Preprints
https://doi.org/10.5194/nhess-2023-194
https://doi.org/10.5194/nhess-2023-194
29 Feb 2024
 | 29 Feb 2024
Status: this preprint is currently under review for the journal NHESS.

Dependence Models for Multi-Hazard-Events

Georg C. Pflug, Viktoria Kittler, and Stefan Hochrainer-Stigler

Abstract. In recent years, the focus of research about natural hazards has turned from single-hazard studies to multi-hazard ones. While single hazards (like earthquakes, floods, droughts, etc.) have been extensively studied in the past and many quantitative statements about intensities and severities are available, quantitative studies about multi-hazards and dependencies are still rare. This paper introduces new statistical models for the dependencies of cat-event processes of different hazard types based on Poisson-type event processes. Moreover, the models are applied to data for several natural hazard events from the Danube area in Europe. The analysis should help to bridge the gap between the more conceptual contributions to this discussion by providing empirical evidence on interactions on a large-scale region.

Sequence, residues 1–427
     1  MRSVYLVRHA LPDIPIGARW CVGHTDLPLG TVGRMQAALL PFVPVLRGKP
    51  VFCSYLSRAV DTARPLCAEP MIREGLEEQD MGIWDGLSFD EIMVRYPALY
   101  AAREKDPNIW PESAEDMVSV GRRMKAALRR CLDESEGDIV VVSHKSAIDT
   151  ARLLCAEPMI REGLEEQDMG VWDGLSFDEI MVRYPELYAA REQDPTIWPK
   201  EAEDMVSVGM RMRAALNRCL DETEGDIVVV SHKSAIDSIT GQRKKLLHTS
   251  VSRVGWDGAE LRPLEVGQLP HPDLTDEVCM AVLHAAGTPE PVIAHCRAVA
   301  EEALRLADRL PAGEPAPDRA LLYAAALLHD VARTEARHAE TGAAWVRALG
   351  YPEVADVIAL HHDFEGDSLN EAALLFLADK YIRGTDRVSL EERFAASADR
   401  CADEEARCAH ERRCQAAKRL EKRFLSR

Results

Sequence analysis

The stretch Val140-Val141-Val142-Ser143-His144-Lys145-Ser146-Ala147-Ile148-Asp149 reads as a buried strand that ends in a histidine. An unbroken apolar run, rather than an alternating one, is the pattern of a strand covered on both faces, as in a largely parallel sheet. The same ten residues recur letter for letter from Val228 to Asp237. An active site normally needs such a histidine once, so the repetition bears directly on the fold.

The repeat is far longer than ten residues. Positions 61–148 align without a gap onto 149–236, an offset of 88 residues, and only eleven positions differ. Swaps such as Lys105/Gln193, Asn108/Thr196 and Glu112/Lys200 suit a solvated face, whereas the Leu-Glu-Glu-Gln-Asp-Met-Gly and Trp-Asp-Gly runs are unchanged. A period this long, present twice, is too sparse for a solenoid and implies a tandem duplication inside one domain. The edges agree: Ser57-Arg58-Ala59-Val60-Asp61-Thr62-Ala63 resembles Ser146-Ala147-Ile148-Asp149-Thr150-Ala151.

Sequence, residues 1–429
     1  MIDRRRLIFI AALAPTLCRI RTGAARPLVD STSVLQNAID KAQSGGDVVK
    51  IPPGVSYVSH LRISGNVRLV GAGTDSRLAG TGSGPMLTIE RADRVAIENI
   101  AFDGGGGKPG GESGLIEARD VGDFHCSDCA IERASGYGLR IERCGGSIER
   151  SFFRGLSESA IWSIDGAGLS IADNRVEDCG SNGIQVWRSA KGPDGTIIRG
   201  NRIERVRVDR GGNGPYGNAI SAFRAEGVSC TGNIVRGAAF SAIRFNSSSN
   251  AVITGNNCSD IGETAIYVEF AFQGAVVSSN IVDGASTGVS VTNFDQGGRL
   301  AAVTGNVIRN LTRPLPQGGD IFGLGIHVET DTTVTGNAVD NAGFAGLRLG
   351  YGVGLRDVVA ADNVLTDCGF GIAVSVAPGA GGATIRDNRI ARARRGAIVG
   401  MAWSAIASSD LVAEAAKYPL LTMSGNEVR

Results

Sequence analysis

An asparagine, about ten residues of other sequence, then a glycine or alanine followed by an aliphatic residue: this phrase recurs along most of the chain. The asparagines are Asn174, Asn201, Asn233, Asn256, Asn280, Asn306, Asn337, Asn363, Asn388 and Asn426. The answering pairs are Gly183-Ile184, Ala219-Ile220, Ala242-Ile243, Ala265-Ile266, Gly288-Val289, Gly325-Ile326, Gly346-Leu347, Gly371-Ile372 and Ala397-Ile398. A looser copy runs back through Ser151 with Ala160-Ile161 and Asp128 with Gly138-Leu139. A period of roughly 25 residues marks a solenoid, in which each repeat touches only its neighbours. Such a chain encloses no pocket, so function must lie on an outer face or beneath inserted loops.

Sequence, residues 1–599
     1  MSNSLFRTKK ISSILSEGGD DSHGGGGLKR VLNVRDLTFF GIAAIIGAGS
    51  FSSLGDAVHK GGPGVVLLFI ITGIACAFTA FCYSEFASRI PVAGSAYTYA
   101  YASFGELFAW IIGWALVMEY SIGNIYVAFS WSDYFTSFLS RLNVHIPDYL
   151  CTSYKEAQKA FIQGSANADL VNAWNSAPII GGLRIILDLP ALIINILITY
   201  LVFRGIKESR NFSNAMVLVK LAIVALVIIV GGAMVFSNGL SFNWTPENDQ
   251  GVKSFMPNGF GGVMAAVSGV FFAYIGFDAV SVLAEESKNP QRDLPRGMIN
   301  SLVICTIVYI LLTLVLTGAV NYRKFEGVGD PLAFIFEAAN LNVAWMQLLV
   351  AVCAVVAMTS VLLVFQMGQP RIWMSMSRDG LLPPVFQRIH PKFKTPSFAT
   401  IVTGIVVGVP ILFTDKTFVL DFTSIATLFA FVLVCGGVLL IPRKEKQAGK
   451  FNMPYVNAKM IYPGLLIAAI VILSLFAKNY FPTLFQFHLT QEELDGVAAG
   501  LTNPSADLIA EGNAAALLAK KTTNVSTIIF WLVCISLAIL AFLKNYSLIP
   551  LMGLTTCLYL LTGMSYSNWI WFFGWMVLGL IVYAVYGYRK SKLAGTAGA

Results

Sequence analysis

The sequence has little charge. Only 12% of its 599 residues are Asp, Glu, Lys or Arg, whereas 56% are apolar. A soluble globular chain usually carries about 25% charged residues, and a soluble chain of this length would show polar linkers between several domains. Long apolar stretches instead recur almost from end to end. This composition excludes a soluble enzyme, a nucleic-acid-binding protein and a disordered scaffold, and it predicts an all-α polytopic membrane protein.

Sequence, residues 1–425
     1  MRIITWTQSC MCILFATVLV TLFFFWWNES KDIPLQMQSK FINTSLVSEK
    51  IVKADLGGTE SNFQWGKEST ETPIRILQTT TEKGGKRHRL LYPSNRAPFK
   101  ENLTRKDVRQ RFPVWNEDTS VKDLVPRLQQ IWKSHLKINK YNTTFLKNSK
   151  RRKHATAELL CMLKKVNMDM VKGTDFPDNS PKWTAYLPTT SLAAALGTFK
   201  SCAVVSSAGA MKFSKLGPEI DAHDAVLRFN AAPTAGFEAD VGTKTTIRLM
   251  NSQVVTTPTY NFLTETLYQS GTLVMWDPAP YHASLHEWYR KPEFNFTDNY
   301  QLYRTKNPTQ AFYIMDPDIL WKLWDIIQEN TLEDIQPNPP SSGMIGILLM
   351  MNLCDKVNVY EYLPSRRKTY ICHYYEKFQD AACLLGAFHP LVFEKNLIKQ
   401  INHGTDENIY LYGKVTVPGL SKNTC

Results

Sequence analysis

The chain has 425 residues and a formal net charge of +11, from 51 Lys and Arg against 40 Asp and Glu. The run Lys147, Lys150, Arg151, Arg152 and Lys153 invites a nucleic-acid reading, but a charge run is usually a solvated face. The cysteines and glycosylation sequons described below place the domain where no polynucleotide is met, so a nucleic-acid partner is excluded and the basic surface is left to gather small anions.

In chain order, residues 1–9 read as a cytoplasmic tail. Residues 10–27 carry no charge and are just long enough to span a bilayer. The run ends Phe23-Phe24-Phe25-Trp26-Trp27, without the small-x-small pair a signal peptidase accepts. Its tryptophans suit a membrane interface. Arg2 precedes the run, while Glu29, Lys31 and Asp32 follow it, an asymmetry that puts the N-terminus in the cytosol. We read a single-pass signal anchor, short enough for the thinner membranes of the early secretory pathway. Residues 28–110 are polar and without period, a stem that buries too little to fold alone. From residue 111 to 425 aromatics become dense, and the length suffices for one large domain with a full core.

Georg C. Pflug, Viktoria Kittler, and Stefan Hochrainer-Stigler

Status: open (until 25 Apr 2024)

Comment types: AC – author | RC – referee | CC – community | EC – editor | CEC – chief editor | : Report abuse
  • RC1: 'Comment on nhess-2023-194', Anonymous Referee #1, 14 Mar 2024 reply
    • AC1: 'Reply on RC1', Georg Pflug, 10 Apr 2024 reply
  • RC2: 'Comment on nhess-2023-194', Anonymous Referee #2, 05 Apr 2024 reply
    • AC2: 'Reply on RC2', Georg Pflug, 10 Apr 2024 reply
Georg C. Pflug, Viktoria Kittler, and Stefan Hochrainer-Stigler
Georg C. Pflug, Viktoria Kittler, and Stefan Hochrainer-Stigler

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Short summary
Multi-hazard events can be devastating and there are indications that in such situations the exposed risk-bearers are affected more severely compared to single-hazard events. We present some statistical modeling approaches to determine possible interrelationships of hazards and tested them for the specific case of the countries within the Danube Region. We especially focused on the question whether certain hazards are more likely to occur due to preceding hazardous events.
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